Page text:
Writer/director John K. Webster’s Night Explorers: The Asylum is a better horror film than its generic title might suggest. It begins with a traditional ghost-hunting plot reminiscent of the ones found in Grave Encounters or Gonjiam: Haunted Asylum. Still, it sidesteps the expected found footage aesthetics usually used in movies of this type. A big midpoint twist also helps Webster’s feature bring a fresh angle to the table.
Ozi (Craig Edwards) makes money off of exploiting supposedly supernatural places. He does so with his friends and girlfriend, who all pretend the places are scarier than they are in order to boost their audience engagement. One of the members, Jimboy (Charlie Rich), is tired of the fake directions their videos have gone in.
Then, an offer from the supposedly haunted Pelosi Asylum comes in. Ozi and his pals are promised $5,000 each and 24-hour access to the place. The dilapidated building is set to be demolished by bulldozers in a week, so they are allowed to explore it as much as they want. Once inside, however, Ozi discovers the group may be against a real threat.
“…an offer from the supposedly haunted Pelosi Asylum comes in. Ozi and his pals are promised $5,000 each…”
Night Explorers: The Asylum presents a jovial group of British characters who like to party hard and joke around; Webster employs not one but two drinking montages in the opening. Most of the actors have believable chemistry with one another, though the performances slip when some players are asked to present fear. Dyer comes across best as Danny, a funny Edgar Wright lookalike.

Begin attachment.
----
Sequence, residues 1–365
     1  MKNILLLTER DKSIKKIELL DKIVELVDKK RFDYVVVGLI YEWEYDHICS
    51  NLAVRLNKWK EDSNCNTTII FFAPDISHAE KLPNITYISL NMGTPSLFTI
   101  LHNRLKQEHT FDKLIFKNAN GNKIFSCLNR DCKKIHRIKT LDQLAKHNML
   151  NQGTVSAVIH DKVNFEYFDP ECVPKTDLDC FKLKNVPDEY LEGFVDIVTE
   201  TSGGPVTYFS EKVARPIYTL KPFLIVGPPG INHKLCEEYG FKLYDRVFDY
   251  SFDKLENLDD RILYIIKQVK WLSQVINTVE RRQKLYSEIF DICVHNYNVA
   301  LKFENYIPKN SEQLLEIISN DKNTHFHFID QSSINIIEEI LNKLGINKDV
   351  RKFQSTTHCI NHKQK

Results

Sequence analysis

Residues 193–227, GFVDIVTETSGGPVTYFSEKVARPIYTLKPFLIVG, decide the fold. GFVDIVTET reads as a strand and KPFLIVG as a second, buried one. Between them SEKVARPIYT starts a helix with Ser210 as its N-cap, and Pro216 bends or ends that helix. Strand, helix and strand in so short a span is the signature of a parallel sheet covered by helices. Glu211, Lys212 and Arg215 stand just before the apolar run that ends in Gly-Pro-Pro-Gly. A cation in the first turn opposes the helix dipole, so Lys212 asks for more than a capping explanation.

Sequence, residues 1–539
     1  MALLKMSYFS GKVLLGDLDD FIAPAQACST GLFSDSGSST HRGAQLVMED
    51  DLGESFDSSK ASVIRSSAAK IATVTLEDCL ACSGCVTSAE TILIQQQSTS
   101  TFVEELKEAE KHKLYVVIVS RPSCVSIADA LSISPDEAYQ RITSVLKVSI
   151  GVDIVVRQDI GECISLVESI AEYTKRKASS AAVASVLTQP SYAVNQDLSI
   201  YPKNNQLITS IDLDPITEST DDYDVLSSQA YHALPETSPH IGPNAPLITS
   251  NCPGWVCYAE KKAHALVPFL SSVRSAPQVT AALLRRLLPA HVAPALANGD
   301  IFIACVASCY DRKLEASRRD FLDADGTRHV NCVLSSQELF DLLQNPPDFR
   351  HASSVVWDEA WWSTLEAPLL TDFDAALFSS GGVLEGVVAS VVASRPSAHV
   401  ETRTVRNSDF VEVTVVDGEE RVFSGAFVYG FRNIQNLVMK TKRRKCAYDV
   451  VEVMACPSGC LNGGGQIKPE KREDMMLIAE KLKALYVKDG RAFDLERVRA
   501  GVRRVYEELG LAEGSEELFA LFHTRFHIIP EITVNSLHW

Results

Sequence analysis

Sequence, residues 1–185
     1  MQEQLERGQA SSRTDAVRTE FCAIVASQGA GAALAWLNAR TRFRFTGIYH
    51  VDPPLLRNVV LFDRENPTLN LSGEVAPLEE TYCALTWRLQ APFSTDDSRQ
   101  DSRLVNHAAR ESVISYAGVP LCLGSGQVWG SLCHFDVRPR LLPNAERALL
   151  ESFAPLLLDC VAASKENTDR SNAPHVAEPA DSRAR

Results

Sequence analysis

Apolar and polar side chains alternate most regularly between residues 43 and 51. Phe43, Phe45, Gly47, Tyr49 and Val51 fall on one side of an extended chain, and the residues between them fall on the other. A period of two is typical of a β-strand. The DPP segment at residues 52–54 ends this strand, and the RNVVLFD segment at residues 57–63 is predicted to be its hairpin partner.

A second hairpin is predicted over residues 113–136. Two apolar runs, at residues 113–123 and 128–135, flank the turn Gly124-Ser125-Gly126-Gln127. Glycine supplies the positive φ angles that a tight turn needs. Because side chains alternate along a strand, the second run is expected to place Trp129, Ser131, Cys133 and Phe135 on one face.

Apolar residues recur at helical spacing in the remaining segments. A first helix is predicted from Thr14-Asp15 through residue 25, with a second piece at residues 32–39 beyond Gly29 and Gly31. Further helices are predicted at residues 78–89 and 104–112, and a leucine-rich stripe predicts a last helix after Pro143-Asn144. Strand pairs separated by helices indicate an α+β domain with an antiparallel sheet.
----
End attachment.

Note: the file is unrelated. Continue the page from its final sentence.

The filmmaker sets up a familiar but enjoyable ghost-hunting scenario in an extraordinary setting. Then, he pulls the rug out from under the audience with a wild twist. This makes the second half more unpredictable and raises the stakes. I won’t spoil it in any way, but let’s just say things get pretty bloody.
The movie loses some steam in the final stretch and abruptly ends when it feels like it is leading to the climax. Some of the sound mixing and editing choices are occasionally off, too. For example, a couple of sped-up sequences feel completely out of place in the flow of the story.
Coming from a documentary background, Webster makes a smooth shift into narrative filmmaking with Night Explorers: The Asylum. The writer-director brings some surprising turns to this ghost-hunting tale, though the execution has hiccups now and then.
"…pulls the rug out from under the audience with a wild twist."